“Contrary to most news accounts, the ‘Comprehensive Review Working Group’ process was not a ‘study,’” Donnelly told WND. “Its purpose was to circumvent and neutralize military opposition to repeal of the law.”
She described the study “was a publicly funded pre-scripted production put on just for show.”
“The … report, completed on April 8, 2011, reveals improper activities and deception that misled members of Congress in order ‘to gain momentum in support of a legislative change during the ‘lame duck’ session of Congress following the November 2, 2010, elections,’” she wrote.
Donnelly explained that days before the survey was distributed, Johnson “was seeking advice from a ‘former news anchor’ on how to write the report’s executive summary more ‘persuasively.’”
Further, “The DoD IG report concluded that someone who ‘had a strongly emotional attachment to the issue’ and ‘likely a pro-repeal agenda’ violated security rules and leaked selected, half-true information to the Washington Post,” she explained.
Within days of the military’s repeal of its ban on open homosexuality, two members of Congress pointed out that the Department of Defense had failed to fulfill its obligations to prepare for the change.
The letter was from House Armed Services Committee Chairman Howard “Buck” McKeon, R-Calif., and Rep. Joe Wilson, R-S.C., the chairman of the personnel subcommittee.
It was addressed to Defense Secretary Leon Panetta, whose media office declined to respond to a WND request for comment.

Monday, April 02, 2012

Closing Rialto Municipal Airport has gotten more complex..by Kimberly Pierceall..... March 30, 2012, The Press Enterprise ...

AIRPORT: Closing Rialto Municipal has gotten more complex

A runway not in use at the Rialto Municipal Airport on March 27. In 2005, Congress authorized the airport to close to make way for homes and shops. The airport has remained open, though, while the city of Rialto and developers wait out the economic downturn and face questions about what the end of redevelopment agencies may mean for the property.
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It should have been simple, or as simple as it can be to shut down an airport after securing the first difficult-to-get go-ahead to make way for homes, shopping and industry.
But closing Rialto Municipal Airport has been anything but easy.
Seven years after a rare act of Congress authorized the airport to close — a workaround that avoided a showdown with the Federal Aviation Administration that had funded the airport's development — it's still open and none of the tenants have been moved to nearby San Bernardino International Airport as planned.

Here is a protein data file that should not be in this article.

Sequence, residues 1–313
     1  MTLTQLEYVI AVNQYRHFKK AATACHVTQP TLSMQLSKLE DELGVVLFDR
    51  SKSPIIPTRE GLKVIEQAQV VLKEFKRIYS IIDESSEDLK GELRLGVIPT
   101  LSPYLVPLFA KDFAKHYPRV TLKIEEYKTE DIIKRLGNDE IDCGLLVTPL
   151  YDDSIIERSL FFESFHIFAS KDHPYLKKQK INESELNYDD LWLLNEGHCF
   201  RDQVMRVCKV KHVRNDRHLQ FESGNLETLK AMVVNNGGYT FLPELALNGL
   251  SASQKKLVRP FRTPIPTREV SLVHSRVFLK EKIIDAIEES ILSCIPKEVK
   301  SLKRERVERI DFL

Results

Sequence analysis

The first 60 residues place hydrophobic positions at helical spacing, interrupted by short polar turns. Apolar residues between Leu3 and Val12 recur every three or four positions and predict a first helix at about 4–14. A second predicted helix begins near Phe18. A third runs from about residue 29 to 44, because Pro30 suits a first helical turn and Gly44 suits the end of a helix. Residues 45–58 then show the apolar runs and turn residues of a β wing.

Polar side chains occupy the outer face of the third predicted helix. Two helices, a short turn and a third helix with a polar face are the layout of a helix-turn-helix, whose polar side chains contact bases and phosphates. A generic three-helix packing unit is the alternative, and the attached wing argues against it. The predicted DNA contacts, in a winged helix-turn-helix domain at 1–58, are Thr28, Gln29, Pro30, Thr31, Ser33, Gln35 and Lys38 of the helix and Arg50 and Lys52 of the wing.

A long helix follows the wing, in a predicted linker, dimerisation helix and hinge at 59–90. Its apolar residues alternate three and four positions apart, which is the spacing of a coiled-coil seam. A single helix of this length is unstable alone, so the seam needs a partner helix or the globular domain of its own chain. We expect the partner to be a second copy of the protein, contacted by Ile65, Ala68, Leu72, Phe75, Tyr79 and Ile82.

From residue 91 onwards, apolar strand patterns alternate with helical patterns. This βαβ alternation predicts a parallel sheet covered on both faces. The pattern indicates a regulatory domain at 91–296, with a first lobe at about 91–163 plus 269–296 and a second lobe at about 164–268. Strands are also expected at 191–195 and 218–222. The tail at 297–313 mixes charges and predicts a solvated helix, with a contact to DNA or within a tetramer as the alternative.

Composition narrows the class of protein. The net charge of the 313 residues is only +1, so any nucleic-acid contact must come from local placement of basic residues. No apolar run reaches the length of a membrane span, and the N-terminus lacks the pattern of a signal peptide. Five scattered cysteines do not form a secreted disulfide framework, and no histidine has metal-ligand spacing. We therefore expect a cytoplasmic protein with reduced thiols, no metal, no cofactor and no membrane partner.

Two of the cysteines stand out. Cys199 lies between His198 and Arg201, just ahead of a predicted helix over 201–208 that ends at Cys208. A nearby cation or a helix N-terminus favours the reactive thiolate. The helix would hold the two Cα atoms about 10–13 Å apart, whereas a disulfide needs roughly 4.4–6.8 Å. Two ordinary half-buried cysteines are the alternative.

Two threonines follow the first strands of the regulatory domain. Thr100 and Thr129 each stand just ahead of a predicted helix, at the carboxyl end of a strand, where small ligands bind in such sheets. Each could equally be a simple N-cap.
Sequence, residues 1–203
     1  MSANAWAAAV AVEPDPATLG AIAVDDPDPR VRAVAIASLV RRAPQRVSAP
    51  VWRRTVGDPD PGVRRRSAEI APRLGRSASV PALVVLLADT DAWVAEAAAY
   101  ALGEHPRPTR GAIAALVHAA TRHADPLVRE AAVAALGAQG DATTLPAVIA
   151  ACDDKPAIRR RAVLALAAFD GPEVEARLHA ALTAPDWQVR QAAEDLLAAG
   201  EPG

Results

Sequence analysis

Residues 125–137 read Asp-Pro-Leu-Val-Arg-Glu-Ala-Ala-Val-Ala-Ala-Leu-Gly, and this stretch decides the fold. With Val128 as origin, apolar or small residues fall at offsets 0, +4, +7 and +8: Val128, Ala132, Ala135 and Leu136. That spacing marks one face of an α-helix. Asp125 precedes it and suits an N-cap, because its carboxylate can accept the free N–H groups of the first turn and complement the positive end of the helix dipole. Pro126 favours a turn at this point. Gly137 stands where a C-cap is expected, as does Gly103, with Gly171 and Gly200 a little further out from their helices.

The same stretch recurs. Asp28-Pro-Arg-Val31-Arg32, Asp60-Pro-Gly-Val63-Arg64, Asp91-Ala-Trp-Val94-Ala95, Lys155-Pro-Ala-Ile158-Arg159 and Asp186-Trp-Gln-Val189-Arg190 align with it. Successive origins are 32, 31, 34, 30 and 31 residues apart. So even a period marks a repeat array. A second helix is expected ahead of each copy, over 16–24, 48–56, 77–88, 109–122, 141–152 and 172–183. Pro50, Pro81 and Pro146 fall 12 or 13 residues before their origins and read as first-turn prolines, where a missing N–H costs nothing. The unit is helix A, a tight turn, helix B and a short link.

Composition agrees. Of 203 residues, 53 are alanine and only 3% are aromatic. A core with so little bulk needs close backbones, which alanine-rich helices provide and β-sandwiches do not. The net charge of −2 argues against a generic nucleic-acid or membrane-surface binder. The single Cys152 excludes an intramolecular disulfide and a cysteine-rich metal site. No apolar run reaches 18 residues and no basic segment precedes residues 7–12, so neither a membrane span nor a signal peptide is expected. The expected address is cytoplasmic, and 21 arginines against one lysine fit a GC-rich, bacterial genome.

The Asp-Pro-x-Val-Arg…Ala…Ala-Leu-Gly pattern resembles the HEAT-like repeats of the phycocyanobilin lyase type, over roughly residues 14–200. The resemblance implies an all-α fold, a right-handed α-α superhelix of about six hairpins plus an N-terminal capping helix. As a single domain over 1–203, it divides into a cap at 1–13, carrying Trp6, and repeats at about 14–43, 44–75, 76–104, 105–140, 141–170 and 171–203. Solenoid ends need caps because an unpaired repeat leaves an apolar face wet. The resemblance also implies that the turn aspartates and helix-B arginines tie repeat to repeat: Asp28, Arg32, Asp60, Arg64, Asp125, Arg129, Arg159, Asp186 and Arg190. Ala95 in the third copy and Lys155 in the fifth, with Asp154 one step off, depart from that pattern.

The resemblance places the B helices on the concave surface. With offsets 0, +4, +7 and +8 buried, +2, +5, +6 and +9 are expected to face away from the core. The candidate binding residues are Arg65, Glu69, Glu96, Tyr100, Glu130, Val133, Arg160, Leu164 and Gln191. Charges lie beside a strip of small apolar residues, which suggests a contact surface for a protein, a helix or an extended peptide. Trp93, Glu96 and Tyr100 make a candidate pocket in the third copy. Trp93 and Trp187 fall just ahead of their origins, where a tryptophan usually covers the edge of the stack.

The economy's swift and enduring downfall put plans to develop homes, shops and a business park on hold and made land prices of 2005 unrealistic. By the time land entitlements were complete and a specific plan approved in 2010, "the economy was long gone," said Robb Steel, assistant to the city of Rialto's administrator.
The airport's fate has only been made more complicated with the dissolution of California's redevelopment agencies.
The city's redevelopment agency owned the airport property and had the agreements with a private developer and San Bernardino airport. That agency no longer exists.
"The economy kicked us in the gut and then the state kicked us in the gut," Steel said.
The plan has already cost the city of Rialto and the developer millions of dollars, and the delay kept San Bernardino airport officials waiting for a windfall that hasn't arrived.

View Rialto Municipal Airport in a larger map
In addition to transferring the land to the city of Rialto — which later transferred it to the city's redevelopment agency — Congress required that nearby San Bernardino International Airport would have a 45 percent claim on the appraised value of the land. Those funds, paid by Rialto, would be used for relocating tenants and building hangars to house planes and businesses that had been at the closed airport.
The tenants that remain at Rialto today pay rent month-to-month, knowing the airport will close, just not when.
New tenants have arrived knowing there's still time, including Fontana Police Department's air support and an owner who has ketchup bottles sitting on tables in a soon-to-open restaurant at the airport.
To kick start development, Rialto's City Council approved raising $30 million through a complex financing deal for management of the city's water system that would raise residential rates between 97 percent and 115 percent.
But first, the city has to regain ownership of the airport property and sign new agreements with the developer and San Bernardino airport.
In 2005, the city had visions of grandeur — development that would include 4,000 homes, shops, restaurants, a corporate park, a school, even a new City Hall — with the project dubbed "Renaissance Rialto."
Lewis-Hillwood Rialto LLC, a combination of the Upland-based Lewis Group of Companies that developed Victoria Gardens and Hillwood, which developed all of the non-aviation space at San Bernardino International Airport, agreed to eventually buy more than 500 acres of what would be the 1,400-acre Renaissance Rialto development.
Early on, the developer agreed to take on all the costs.
Rialto would get paid for the land and share in the profits of development. But the economy inspired a shift in responsibilities as well as a scaled back plan. The two sides were in the midst of negotiating a new agreement when redevelopment went away.